The Ojai estate actor Larry Hagman dubbed "Heaven" has been sold to a nonprofit Scientology group.
The 32-acre property atop Sulphur Mountain sold for $5 million cash to Social Betterment Properties International, a nonprofit that states its mission is to "develop and maintain buildings and other real estate utilized by social betterment organizations carrying out programs that utilize technology and methods developed by L. Ron Hubbard and that are associated with and supported by the Scientology religion."
A phone call left at the nonprofit's Los Angeles offices was not returned. It isn't known what's planned for the estate, which the Hagmans opened to the community, hosting politicians from either side of the aisle, charities, fundraisers, weekend getaways and Ojai Music Festival events.
The Hagmans moved to the home in 1991 and while the sanctuary is isolated behind two electronically-monitored gates, they became an integral part of the local neighborhood.
Larry Hagman died in November and his wife, Maj Hagman, has Alzheimer's disease.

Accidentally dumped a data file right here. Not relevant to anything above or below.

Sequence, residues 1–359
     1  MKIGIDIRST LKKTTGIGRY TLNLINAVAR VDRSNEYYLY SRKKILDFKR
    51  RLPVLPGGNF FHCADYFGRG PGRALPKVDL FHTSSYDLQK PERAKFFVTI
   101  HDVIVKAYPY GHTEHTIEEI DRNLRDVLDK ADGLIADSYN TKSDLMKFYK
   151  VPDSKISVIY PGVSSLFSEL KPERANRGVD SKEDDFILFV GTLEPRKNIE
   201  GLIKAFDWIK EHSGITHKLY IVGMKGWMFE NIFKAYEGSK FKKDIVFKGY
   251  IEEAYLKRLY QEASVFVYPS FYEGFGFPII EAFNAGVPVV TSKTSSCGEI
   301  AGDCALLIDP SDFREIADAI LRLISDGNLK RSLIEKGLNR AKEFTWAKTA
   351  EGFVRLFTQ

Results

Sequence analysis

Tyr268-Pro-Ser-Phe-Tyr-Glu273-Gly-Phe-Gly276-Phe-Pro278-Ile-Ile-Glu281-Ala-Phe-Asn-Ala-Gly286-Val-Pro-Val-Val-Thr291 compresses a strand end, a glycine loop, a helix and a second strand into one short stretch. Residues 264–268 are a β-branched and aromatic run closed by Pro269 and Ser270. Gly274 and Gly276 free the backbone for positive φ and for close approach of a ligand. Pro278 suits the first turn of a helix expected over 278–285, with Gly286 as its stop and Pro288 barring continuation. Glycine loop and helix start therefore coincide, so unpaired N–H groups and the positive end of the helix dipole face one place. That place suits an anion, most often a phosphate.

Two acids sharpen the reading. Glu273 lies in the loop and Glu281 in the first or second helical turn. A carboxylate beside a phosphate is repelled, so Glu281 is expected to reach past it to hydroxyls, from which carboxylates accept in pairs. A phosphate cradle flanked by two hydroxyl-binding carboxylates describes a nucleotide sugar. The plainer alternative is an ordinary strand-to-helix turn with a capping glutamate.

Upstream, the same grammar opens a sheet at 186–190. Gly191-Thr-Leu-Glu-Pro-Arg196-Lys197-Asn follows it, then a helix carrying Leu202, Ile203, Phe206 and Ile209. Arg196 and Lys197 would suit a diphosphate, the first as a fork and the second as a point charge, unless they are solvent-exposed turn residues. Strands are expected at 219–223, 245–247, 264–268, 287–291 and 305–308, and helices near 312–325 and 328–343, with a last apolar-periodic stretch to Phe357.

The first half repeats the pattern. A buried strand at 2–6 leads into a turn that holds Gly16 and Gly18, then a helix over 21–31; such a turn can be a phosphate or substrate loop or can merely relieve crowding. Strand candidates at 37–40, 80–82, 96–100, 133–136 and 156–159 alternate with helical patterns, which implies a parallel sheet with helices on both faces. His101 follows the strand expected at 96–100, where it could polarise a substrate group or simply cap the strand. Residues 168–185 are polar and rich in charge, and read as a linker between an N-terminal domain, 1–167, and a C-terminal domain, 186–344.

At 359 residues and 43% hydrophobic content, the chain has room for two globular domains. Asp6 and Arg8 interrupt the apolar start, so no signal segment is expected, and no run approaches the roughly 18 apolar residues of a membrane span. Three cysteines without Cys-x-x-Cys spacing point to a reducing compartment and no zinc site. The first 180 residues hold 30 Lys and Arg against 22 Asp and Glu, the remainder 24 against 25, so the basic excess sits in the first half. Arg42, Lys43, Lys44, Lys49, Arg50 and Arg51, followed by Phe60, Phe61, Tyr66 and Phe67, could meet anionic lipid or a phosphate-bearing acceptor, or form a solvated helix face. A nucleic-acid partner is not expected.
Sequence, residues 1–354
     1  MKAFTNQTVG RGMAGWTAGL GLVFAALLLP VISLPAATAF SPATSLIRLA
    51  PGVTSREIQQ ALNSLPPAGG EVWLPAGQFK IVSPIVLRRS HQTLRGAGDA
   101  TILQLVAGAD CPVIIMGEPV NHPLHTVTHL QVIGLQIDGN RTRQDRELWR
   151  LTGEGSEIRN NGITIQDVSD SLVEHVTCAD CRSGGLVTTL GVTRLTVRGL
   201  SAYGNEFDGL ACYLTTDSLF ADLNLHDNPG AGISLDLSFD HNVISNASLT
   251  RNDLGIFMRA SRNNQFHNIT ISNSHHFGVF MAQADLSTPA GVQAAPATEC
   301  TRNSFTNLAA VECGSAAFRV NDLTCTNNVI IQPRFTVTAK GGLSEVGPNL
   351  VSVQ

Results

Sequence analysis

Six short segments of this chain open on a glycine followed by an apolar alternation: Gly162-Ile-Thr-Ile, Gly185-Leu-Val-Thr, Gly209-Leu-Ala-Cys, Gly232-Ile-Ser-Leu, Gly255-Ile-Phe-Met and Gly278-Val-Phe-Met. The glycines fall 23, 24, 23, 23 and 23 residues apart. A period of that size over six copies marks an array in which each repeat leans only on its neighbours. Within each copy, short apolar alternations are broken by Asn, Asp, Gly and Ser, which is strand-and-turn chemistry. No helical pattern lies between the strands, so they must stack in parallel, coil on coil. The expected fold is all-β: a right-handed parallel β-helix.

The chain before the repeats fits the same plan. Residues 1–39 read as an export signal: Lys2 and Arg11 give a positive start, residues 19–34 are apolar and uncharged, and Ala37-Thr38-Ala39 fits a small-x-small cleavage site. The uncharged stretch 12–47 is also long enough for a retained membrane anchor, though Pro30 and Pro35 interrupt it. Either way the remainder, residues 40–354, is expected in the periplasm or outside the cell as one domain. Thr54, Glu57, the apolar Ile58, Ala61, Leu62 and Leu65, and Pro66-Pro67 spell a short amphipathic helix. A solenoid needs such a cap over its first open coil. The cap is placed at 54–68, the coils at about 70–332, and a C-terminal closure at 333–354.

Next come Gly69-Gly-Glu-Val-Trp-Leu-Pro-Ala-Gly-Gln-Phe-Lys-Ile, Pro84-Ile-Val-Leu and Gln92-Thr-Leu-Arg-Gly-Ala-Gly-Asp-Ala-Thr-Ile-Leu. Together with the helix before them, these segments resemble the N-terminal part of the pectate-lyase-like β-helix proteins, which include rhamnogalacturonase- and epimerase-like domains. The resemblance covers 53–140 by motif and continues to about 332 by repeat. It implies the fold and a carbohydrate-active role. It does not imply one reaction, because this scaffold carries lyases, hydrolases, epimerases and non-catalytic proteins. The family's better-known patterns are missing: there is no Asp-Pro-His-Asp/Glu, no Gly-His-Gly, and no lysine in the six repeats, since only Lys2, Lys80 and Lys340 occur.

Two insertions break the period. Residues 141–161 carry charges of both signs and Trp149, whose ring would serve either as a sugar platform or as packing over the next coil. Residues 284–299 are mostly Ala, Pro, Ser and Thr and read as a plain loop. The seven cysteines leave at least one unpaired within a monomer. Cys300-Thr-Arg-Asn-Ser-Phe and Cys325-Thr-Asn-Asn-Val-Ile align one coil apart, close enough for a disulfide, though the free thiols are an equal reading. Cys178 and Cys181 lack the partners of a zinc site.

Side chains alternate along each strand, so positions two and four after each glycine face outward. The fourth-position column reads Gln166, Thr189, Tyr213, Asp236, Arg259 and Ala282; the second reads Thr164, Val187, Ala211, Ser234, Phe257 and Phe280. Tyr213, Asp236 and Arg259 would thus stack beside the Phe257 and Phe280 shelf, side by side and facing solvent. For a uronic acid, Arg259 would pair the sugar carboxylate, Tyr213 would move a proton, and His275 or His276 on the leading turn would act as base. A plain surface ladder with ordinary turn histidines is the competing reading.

Their Realtor, Andrea Cope of Prudential California Realty's Brentwood office, said the couple were discerning about selling the property.
"It took awhile emotionally to release the property," she said. What they wanted was to sell to a buyer who was "going to love and make use of the place in the way that they could hope someone would because they called it Heaven."
Maj Hagman built the stunning 23,000-square foot Tuscany-style house with its nine bedrooms, nine bathrooms, five fireplaces, three pools, a 28-foot ceiling with retractable roof, gym, creek and other amenities.
After Maj Hagman was diagnosed with Alzheimer's the couple spent more time in Santa Monica and Hagman realized he had to sell Heaven. It took more than three years for him to separate himself from the estate, Cope said.
"That's what had to happen before he could commit to selling the house," she said.
It was originally listed for $6,495,000 and they did a price reduction, selling for $5 million cash in a quick escrow, Cope said. The sale closed March 5. In 1999 the property was valued at just under $3 million.
Social Betterment Properties International has received grants and renovated properties in use for combating literacy, improving morality and exposing "abusive and dangerous psychiatric practices," according to a 2007 tax filing.
The nonprofit has also owned property in Oklahoma that's been used for a controversial drug rehabilitation facility. According to The Tulsa World, the facility, Narconon International, uses non-drug paths to rehabilitation that focus on three activities: exercise, vitamins and sauna sessions. Several deaths have been related to the facility, which has been sued and investigated by Oklahoma state officials, according to The World.